US Home Prices In 2009

Bloomberg has a story about Greenspan’s take on US home prices: Greenspan Says U.S. Home Prices May Stabilize in 2009


Former Federal Reserve Chairman Alan Greenspan said the drop in U.S. home prices will probably end well before early next year as the number of houses on the market diminishes, aiding an economic rebound.

It will not be until early 2009 that we will get close to having eliminated most of this home inventory, Greenspan told a conference in Tokyo today sponsored by Deutsche Bank AG and co-hosted by Bloomberg LP. But it is very likely that home prices will stabilize well before that.

Greenspan added that the extent of damage stemming from the collapse of the subprime-mortgage market won’t be known for months. He described the credit crisis as the worst in 50 years, echoing the assessment of International Monetary Fund economists. Once the markets start to stabilize, especially if the real economies don’t go into a severe recession, then we can expect a recovery to begin to take place, Greenspan, 82, said via satellite from Washington. It will be slow, it will be hesitant. The health of the U.S. housing market is tied to broader financial markets that rely on bundling mortgages to sell as securities, Greenspan said.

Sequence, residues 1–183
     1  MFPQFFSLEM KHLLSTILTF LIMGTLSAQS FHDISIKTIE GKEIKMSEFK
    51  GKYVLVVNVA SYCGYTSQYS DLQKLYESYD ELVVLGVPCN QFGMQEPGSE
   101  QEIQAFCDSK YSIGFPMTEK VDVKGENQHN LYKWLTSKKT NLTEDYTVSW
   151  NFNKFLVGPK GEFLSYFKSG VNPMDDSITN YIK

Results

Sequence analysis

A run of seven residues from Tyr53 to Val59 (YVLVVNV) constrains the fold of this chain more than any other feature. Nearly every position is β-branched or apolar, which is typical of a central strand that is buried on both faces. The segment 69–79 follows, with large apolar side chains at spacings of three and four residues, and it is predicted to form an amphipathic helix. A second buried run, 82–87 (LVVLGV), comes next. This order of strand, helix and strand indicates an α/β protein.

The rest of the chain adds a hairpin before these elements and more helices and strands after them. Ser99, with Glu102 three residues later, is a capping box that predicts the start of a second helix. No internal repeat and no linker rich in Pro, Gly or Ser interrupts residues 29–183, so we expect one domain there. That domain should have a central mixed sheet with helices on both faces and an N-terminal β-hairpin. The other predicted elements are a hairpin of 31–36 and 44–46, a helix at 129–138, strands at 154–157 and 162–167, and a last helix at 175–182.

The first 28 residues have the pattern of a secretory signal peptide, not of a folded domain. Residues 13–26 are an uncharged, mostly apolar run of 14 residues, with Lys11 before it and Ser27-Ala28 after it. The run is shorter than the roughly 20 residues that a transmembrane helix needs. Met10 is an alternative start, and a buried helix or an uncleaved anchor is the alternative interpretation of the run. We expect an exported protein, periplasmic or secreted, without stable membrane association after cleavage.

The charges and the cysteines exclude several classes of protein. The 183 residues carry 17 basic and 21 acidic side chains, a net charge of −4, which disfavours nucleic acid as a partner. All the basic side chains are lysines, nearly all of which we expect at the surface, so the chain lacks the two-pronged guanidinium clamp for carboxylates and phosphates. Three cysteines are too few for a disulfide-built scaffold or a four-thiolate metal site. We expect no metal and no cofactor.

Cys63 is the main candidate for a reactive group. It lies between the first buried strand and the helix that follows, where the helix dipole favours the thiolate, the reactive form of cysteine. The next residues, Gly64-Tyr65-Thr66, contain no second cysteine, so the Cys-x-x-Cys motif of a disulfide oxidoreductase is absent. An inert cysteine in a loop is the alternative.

The median price of an existing single-family home dropped 8.7 percent in February from a year earlier, the most in four decades of record keeping, according to the Chicago-based National Association of Realtors. Have we reached a point where prices are stable? We cannot know that for a couple of months, Greenspan said. It looks as though we’re going to get a very large rate of liquidation, but not until the second half of this year. Greenspan said inflation will be contained during the current slowdown before picking up as the world economy recovers. It’s difficult to imagine any major breakout of inflation as economic slack continues to increase, he said. What we will see is gradually rising inflationary pressures that will probably be subdued during the current period of slack, but that will surely reemerge when economies pick up.


I personally do not feel the housing problem will be resolved so soon. With drop in new home sales, existing home sales, high foreclosures and job losses the inventory will take more time to be consumed.